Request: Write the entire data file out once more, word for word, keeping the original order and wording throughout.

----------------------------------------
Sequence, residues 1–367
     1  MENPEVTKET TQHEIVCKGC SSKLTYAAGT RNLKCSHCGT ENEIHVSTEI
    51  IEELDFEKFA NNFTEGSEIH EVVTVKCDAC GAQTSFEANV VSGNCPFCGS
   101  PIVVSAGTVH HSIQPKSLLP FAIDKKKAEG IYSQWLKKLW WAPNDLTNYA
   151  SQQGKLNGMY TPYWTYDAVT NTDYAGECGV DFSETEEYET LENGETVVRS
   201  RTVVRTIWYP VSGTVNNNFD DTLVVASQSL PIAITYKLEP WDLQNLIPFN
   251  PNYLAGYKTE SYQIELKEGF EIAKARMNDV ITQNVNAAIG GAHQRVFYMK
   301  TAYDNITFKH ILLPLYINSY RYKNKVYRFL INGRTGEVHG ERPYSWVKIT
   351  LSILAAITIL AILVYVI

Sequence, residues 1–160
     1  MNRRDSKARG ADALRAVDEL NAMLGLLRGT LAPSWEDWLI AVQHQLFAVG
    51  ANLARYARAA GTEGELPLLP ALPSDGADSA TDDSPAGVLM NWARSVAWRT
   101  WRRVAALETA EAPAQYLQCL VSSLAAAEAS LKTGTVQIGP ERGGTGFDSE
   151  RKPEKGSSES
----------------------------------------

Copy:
Sequence, residues 1–367
     1  MENPEVTKET TQHEIVCKGC SSKLTYAAGT RNLKCSHCGT ENEIHVSTEI
    51  IEELDFEKFA NNFTEGSEIH EVVTVKCDAC GAQTSFEANV VSGNCPFCGS
   101  PIVVSAGTVH HSIQPKSLLP FAIDKKKAEG IYSQWLKKLW WAPNDLTNYA
   151  SQQGKLNGMY TPYWTYDAVT NTDYAGECGV DFSETEEYET LENGETVVRS
   201  RTVVRTIWYP VSGTVNNNFD DTLVVASQSL PIAITYKLEP WDLQNLIPFN
   251  PNYLAGYKTE SYQIELKEGF EIAKARMNDV ITQNVNAAIG GAHQRVFYMK
   301  TAYDNITFKH ILLPLYINSY RYKNKVYRFL INGRTGEVHG ERPYSWVKIT
   351  LSILAAITIL AILVYVI

Sequence, residues 1–160
     1  MNRRDSKARG ADALRAVDEL NAMLGLLRGT LAPSWEDWLI AVQHQLFAVG
    51  ANLARYARAA GTEGELPLLP ALPSDGADSA TDDSPAGVLM NWARSVAWRT
   101  WRRVAALETA EAPAQYLQCL VSSLAAAEAS LKTGTVQIGP ERGGTGFDSE
   151  RKPEKGSSES